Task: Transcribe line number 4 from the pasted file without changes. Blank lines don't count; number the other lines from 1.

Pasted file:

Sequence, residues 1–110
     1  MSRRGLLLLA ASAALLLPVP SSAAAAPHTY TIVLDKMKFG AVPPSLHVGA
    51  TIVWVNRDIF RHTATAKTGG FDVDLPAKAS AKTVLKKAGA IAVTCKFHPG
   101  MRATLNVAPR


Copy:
   101  MRATLNVAPR